Table 1: GBO, admissions and national market share in European countries 2029 – 2020 prov


Table 2: Top 20 films by admissions in the European Union and the UK in 2020 prov (1)


Table 3: Top 20 European films by admissions in the European Union and the UK in 2020 (incl. “EUR inc”) prov (1)


European market share reaches record high due to lack of US tentpole releases

The lack of US blockbuster releases in 2020 is clearly reflected in the breakdown of admissions in the EU and the UK by origin. While admissions to US films fell by an estimated 78%, admissions to European films dropped by “only” 55% and admissions to European films produced in Europe with incoming US investment (EUR inc) and films from other parts of the world decreased by “only” 41%. The market share of European films hence reached a record high of almost 40% of total admissions, mostly driven by often exceptionally high market shares of national films in the respective markets. This compares to 26.3% in 2019. US market share on the other hand dropped from 68.2% to 49.4%, the lowest level registered in recent history.  EUR inc films captured 6.0% (compared to 3.0%) of total admissions in 2020 and films from other parts of the world represented 4.9% (compared to 2.5%).

On a national level, local European films reached record levels in several markets which were marked by the lack of US tentpoles. Within the EU and the UK it was Italy which registered the highest national market share with an incredible 55.6%, followed by Denmark (50.4%), the Czech Republic (48.3%), the United Kingdom (46.5%), France (44.9%), Finland (40.8%) and Germany (35.1%). Outside the EU, Turkey was once again the European territory with highest national market share reaching an unparalleled 80.0%. Russian films also capture a record market share of 47.9%.

Table 4: Europe 28 market share by country of origin 2016 – 2020 prov
In % of total admissions. Provisional estimates.


Film production in the EU and the UK drops by 30% in 2020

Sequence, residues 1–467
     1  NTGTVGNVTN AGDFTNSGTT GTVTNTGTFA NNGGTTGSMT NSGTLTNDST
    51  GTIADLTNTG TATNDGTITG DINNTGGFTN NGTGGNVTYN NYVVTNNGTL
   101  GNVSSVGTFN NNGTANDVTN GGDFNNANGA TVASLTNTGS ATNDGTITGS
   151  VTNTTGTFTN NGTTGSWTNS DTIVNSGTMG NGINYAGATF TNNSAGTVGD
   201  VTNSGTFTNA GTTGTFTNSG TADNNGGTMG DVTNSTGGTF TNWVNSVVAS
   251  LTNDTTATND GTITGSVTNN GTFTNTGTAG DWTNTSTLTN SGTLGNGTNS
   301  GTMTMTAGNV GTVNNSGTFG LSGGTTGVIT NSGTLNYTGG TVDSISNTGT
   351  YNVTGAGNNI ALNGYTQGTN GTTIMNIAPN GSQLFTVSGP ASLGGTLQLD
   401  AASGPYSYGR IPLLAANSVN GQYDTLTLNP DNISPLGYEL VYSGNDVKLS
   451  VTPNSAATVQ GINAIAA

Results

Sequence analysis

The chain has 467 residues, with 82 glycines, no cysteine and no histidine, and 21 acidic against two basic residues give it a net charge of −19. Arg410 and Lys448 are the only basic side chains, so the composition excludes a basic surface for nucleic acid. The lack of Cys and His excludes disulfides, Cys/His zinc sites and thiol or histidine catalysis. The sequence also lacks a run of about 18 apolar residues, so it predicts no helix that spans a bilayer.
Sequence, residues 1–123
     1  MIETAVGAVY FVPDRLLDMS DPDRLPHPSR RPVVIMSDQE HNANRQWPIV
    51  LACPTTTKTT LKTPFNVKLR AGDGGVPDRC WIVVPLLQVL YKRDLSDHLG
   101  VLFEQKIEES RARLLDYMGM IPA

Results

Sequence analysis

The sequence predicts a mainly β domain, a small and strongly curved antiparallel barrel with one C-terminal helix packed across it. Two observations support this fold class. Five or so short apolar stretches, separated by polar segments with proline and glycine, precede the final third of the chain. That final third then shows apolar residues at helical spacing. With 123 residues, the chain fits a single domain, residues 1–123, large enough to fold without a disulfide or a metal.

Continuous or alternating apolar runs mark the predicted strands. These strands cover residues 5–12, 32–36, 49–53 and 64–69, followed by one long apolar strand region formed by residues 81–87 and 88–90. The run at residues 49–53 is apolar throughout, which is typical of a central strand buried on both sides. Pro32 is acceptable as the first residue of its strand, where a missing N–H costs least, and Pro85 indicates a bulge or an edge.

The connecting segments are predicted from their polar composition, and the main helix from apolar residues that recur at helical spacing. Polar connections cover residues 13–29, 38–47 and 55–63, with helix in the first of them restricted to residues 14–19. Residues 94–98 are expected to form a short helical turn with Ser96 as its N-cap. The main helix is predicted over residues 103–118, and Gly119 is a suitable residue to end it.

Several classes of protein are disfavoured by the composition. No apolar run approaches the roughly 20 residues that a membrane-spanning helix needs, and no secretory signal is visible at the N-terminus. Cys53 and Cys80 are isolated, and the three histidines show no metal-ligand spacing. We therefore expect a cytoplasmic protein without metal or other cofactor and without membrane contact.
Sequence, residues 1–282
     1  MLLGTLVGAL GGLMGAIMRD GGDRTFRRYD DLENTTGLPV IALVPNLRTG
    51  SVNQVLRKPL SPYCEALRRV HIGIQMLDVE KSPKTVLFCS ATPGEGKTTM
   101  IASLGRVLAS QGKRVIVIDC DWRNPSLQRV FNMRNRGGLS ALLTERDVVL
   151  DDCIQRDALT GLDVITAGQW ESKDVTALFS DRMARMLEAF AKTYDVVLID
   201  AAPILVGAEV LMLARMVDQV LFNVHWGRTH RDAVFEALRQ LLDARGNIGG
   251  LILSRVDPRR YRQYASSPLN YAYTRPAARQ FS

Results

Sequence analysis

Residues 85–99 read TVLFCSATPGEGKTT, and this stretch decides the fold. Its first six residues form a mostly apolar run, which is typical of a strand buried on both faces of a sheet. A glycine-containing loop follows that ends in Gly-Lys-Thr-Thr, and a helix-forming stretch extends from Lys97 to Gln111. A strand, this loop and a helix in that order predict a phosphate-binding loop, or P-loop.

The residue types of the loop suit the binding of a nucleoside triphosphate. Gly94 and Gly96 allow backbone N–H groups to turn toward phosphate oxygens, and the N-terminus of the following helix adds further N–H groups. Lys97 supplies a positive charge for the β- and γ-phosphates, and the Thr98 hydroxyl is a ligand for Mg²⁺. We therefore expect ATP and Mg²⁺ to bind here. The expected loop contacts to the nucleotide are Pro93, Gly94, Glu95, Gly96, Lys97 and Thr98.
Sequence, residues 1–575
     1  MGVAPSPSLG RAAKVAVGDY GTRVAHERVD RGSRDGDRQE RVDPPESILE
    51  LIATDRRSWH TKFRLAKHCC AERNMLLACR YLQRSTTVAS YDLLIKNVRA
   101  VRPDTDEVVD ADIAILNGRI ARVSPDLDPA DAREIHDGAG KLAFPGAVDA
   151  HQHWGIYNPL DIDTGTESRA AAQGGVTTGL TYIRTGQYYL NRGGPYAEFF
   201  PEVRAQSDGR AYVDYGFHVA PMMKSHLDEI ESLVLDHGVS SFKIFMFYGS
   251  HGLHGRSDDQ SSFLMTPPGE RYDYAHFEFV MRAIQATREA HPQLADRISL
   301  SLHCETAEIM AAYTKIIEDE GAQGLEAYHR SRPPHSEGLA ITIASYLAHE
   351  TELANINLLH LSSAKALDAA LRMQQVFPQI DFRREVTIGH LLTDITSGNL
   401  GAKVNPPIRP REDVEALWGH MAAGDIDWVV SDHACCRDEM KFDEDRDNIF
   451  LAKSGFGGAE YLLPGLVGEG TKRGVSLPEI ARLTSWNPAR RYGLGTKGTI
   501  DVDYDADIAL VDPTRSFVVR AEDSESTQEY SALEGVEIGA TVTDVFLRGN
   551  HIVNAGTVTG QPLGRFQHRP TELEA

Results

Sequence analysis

Having reached a temporary standstill all over Europe due to the lockdown measures taken in March 2020, film production was taken up again in early summer following strict sanitary protocols. In contrast to theatrical exhibition film shoots were largely allowed to continue throughout the second wave in autumn and winter, often at levels equal to or even higher than before the pandemic. Film production volume in the EU and the UK consequently did not collapse in the same manner as box office did. The Observatory estimated that a total of 1403 theatrical feature films were produced in the EU and the UK in 2020, down “only” 30% on the 2019 record level of 2 007 feature films.

Trends differ widely between countries also due to different methodologies in counting productions: in those markets where film production is measured as films actually released, the closing of cinemas had a direct negative impact on film productions whereas in markets where film production is measured in terms of films receiving public funding or being certified, the decline in production activity may only be seen in the upcoming years. It also remains to be seen which effect the significant loss of box office revenues in 2020 and 2021 will have on the European film production sector in the mid-term.

Table 5:     Number of feature films produced in the European Union and the UK 2016 – 2020 prov
Provisional estimates.


More detailed information on European as well as international theatrical markets can be found in FOCUS 2021  World Film Market Trends prepared by the European Audiovisual Observatory for the Cannes Film Market.


Notes for Editors:

  • Data have been collected with the collaboration of the EFARN (European Film Agency Research Network).
  • All 2020 figures are provisional.


The European Audiovisual Observatory, Council of Europe